Skip to main content

SAS XPORT file reader

Project description

Python reader for SAS XPORT data transport files (*.xpt).

What’s it for?

XPORT is the binary file format used by a bunch of United States government agencies for publishing data sets. It made a lot of sense if you were trying to read data files on your IBM mainframe back in 1988.

The official SAS specification for XPORT is relatively straightforward. The hardest part is converting IBM-format floating point to IEEE-format, which the specification explains in detail.

There was an update to the XPT specification for SAS v8 and above. This module has not yet been updated to work with the new version. However, if you’re using SAS v8+, you’re probably not using XPT format. The changes to the format appear to be trivial changes to the metadata, but this module’s current error-checking will raise a ValueError.

Reading XPT

This module mimics the json and pickle modules of the standard library, providing load and loads functions for reading data from a file-like object and from a string object, respectively.

with open('example.xpt', 'rb') as f:
    rows = xport.load(f)

Each row will be a namedtuple, with an attribute for each field in the dataset. Values in the row will be either a unicode string or a float, as specified by the XPT file metadata. Note that since XPT files are in an unusual binary format, you should open them using mode 'rb'.

The load and loads functions can also return the data as columns rather than rows. The columns will be an OrderedDict mapping the column labels as strings to the column values as lists of either strings or floats.

with open('example.xpt', 'rb') as f:
    mapping = xport.load(f, mode='columns')

This module also offers reading behavior similar to the standard library csv module, for iterating over the data one row at a time, rather than loading all rows at once. Note that xport.Reader is capitalized, unlike csv.reader.

with open('example.xpt', 'rb') as f:
    for row in xport.Reader(f):
        print row

For convenient conversion to a NumPy array or Pandas dataframe, you can use to_numpy and to_dataframe.

a = xport.to_numpy('example.xpt')
df = xport.to_dataframe('example.xpt')

The Reader object has a handful of metadata attributes:

  • Reader.fields – Names of the fields in each observation.

  • Reader.version – SAS version number used to create the XPT file.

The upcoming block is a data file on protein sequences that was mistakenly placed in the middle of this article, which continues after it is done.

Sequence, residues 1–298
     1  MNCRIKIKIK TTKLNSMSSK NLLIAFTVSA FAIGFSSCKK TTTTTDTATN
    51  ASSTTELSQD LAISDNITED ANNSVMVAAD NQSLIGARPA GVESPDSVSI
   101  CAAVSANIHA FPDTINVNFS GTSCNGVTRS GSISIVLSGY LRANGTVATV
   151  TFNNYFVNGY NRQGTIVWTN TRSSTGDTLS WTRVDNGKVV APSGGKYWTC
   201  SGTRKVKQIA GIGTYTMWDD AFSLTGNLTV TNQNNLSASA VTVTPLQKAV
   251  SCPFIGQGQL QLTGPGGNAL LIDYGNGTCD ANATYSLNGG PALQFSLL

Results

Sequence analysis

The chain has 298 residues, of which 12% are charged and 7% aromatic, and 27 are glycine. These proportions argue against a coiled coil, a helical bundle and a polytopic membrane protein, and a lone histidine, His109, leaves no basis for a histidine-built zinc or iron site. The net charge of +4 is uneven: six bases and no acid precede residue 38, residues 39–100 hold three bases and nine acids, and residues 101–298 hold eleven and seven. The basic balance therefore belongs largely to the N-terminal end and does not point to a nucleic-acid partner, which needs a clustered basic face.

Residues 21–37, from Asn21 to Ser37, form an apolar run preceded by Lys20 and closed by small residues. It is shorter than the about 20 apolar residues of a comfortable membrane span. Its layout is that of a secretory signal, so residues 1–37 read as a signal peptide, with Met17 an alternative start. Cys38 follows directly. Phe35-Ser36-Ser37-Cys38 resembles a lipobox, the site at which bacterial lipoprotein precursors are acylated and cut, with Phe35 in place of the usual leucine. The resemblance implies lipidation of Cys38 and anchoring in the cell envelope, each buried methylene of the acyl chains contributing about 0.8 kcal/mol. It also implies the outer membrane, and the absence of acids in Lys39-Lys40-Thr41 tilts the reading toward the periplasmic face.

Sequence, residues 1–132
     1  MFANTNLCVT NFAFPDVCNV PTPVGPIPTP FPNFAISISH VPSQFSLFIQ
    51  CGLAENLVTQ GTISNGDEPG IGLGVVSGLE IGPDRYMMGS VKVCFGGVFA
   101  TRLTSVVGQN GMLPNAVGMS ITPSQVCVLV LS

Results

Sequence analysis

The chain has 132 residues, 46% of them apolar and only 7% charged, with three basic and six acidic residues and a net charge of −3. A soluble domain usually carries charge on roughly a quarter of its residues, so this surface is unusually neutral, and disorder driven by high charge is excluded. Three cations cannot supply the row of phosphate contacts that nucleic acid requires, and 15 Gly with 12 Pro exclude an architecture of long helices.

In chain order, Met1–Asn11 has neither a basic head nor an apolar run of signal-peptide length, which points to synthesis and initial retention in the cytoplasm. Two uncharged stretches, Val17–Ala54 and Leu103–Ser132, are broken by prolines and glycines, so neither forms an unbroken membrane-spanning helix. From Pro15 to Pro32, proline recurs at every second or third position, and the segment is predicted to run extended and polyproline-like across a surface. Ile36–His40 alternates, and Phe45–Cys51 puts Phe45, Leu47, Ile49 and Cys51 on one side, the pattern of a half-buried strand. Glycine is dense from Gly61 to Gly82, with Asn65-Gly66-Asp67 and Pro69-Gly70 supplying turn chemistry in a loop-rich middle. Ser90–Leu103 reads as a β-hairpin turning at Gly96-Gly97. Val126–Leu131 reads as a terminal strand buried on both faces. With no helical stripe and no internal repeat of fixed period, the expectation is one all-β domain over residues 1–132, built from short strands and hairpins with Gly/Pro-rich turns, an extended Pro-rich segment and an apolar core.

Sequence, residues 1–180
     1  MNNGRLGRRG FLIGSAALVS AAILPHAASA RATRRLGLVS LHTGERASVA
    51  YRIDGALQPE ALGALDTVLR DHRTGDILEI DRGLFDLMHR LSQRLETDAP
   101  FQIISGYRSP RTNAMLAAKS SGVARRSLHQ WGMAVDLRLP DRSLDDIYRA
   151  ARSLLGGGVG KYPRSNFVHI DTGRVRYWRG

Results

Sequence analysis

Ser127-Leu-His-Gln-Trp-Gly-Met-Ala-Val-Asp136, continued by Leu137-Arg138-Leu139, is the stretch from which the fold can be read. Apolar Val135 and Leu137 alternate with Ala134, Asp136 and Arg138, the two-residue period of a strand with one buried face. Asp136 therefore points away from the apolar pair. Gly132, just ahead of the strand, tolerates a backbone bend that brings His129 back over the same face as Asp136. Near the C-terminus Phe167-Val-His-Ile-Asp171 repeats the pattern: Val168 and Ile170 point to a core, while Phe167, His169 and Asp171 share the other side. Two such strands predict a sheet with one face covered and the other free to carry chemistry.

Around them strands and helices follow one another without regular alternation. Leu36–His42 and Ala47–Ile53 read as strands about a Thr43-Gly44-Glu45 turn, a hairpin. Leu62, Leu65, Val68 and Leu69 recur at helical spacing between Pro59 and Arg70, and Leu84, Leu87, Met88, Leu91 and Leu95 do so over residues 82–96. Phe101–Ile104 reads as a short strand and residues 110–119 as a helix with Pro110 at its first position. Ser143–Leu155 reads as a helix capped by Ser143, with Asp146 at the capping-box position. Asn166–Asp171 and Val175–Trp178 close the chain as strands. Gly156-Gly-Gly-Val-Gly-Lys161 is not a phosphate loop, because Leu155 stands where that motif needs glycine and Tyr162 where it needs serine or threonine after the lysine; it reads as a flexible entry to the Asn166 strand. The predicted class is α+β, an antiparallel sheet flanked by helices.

• Reader.os – Operating system used to create the XPT file.

  • Reader.created – Date and time that the XPT file was created.

  • Reader.modified – Date and time that the XPT file was last modified.

You can also use the xport module as a command-line tool to convert an XPT file to CSV (comma-separated values) file.:

$ python -m xport example.xpt > example.csv

If you want to access specific records, you should use the load function to gather the rows in a list or use one of itertools recipes for quickly consuming and throwing away unncessary elements.

# Collect all the records in a list for random access
rows = load(f)

# Select only record 42
from itertools import islice
row = next(islice(xport.Reader(f), 42, None))

# Select only the last 42 records
from collections import deque
rows = deque(xport.Reader(f), maxlen=42)

Writing XPT

Similarly to the json and pickle modules, xport provides dump (to file) and dumps (to string) functions to transform Python objects into XPT file format.

The dump and dumps functions are in 'rows' mode by default and expect an iterable of iterables, like a list of tuples. In this case, the column labels have not been specified and will automatically be assigned as ‘x0’, ‘x1’, ‘x2’, …, ‘xM’.

rows = [('a', 1), ('b', 2)]
with open('example.xpt', 'wb') as f:
    dump(f, rows)

To specify the column labels in 'rows' mode, each row can be a mapping (such as a dict) of the column labels to that row’s values. Each row should have the same keys. Passing in rows as namedtuples, or any instance of a tuple that has a ._fields attribute, will set the column labels to the attribute names of the first row.

rows = [{'letters': 'a', 'numbers': 1}, {'letters': 'b', 'numbers': 2}]
with open('example.xpt', 'wb') as f:
    dump(f, rows)

The 'columns' mode expects a mapping of labels (as string) to columns (as iterable) or an iterable of (label, column) pairs.

mapping = {'numbers': [1, 3.14, 42],
           'text': ['life', 'universe', 'everything']}

# as a mapping of labels to columns
with open('answers.xpt', 'wb') as f:
    dump(f, mapping, mode='columns')

# as an iterable of (label, column) pairs
with open('answers.xpt', 'wb') as f:
    dump(f, mapping.items(), mode='columns')

Column labels are restricted to 40 characters. Column names are restricted to 8 characters and will be automatically created based on the column label – the first 8 characters, non-alphabet characters replaced with underscores, padded to 8 characters if necessary. All text strings, including column labels, will be converted to bytes using the ISO-8859-1 encoding. Any byte strings will not be changed and may create invalid XPT files if they were encoded inappropriately.

Unfortunately, writing XPT files cannot cleanly mimic the csv module, because we must examine all rows before writing any rows to correctly write the XPT file headers.

Recent changes

  • Added capability to write XPT files

  • Added load and loads functions to match the new dump and dumps functions


Original version by Jack Cushman, 2012. Major revision by Michael Selik, 2016.

Project details

Download files

Download the file for your platform. If you're not sure which to choose, learn more about installing packages.

Source Distribution

xport-0.6.4.tar.gz (23.9 kB view hashes)

Uploaded Source

Supported by

AWS AWS Cloud computing and Security Sponsor Datadog Datadog Monitoring Fastly Fastly CDN Google Google Download Analytics Microsoft Microsoft PSF Sponsor Pingdom Pingdom Monitoring Sentry Sentry Error logging StatusPage StatusPage Status page